This is one of the points in C that can be confusing at first, but the C standard only specifies a minimum range for integer types that is guaranteed to be supported.
int is guaranteed to be able to hold -32767 to 32767, which requires 16 bits. In that case,
int, is 2 bytes. However, implementations are free to go beyond that minimum, as you will see that many modern compilers make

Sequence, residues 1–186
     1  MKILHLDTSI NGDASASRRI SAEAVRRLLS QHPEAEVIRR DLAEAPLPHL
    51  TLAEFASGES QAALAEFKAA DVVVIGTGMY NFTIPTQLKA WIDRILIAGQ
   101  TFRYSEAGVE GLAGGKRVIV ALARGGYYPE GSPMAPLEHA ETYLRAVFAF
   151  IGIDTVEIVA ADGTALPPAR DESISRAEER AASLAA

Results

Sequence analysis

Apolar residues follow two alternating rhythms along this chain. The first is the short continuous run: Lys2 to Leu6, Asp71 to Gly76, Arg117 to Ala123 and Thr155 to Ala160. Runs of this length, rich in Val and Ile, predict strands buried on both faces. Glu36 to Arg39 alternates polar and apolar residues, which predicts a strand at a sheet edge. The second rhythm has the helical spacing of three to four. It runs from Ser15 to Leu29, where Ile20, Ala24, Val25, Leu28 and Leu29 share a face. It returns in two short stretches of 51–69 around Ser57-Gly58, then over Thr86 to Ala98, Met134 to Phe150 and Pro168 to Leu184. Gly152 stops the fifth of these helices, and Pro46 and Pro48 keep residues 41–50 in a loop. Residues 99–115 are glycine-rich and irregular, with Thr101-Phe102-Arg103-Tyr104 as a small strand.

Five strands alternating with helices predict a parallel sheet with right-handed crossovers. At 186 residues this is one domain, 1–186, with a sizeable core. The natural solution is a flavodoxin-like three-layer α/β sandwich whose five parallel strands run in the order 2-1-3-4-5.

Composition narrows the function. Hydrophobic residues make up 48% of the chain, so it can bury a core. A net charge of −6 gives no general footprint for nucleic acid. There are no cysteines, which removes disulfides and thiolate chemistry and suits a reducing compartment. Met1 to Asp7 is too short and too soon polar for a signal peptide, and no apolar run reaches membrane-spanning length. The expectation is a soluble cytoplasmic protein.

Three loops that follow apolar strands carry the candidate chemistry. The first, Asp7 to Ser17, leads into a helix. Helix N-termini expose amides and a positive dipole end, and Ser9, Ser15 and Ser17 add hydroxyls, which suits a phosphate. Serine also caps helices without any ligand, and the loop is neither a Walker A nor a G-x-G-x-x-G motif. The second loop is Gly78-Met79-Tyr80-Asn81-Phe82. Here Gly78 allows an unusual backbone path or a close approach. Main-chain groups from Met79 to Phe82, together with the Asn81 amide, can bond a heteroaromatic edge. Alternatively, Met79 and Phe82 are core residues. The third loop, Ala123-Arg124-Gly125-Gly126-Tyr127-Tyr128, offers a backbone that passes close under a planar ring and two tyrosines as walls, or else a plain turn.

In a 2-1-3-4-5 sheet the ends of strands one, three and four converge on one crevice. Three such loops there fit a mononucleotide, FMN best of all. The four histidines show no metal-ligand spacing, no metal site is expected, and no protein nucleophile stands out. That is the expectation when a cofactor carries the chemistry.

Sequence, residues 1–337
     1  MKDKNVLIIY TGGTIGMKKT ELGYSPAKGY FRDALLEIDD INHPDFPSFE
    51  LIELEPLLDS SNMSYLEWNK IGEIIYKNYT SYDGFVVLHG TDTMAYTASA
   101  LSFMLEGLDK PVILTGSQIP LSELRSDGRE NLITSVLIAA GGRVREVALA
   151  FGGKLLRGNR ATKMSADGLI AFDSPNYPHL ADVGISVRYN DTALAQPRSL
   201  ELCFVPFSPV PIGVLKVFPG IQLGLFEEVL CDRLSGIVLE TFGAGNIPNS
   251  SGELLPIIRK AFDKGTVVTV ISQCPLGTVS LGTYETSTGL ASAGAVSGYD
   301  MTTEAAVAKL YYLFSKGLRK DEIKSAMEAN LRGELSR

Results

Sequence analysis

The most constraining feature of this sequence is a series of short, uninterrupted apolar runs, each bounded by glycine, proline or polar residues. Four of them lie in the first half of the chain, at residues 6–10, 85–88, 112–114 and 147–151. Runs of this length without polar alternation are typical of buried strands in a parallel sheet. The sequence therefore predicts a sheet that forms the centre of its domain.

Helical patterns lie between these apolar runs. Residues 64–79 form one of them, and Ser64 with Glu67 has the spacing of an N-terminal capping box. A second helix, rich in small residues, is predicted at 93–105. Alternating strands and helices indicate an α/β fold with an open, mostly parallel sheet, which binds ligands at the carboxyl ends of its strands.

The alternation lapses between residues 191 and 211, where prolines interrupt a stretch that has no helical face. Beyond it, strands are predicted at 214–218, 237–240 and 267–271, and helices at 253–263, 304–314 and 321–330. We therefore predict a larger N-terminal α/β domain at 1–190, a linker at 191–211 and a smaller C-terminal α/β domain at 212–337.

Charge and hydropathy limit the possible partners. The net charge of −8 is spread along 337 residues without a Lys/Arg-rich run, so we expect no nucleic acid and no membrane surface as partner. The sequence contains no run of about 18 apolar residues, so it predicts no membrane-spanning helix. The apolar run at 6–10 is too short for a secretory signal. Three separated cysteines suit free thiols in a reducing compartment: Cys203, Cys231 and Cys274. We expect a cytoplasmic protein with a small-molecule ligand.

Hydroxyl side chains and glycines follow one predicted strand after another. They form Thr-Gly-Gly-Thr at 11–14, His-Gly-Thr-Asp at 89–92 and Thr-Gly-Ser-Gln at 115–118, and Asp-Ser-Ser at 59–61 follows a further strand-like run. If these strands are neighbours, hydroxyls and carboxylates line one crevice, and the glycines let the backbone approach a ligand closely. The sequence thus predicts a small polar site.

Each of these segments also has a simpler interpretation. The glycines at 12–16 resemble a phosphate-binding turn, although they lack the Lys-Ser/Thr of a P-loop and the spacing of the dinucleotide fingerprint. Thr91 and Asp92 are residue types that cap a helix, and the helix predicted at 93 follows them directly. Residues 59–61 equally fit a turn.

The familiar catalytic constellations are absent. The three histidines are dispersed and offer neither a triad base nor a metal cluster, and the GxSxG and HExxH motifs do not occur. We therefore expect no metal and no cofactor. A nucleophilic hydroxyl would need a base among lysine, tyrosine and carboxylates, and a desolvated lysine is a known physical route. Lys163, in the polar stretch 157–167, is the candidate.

int 32-bit (which also means 4 bytes pretty ubiquitously).
The reason your book says 2 bytes is most probably because it's old. At one time, this was the norm. In general, you should always use the
sizeof operator if you need to find out how many bytes it is on the platform you're using.
To address this, C99 added new types where you can explicitly ask for a certain sized integer, for example
int32_t. Prior to that, there was no universal way to get an integer of a specific width (although most platforms provided similar types on a per-platform basis).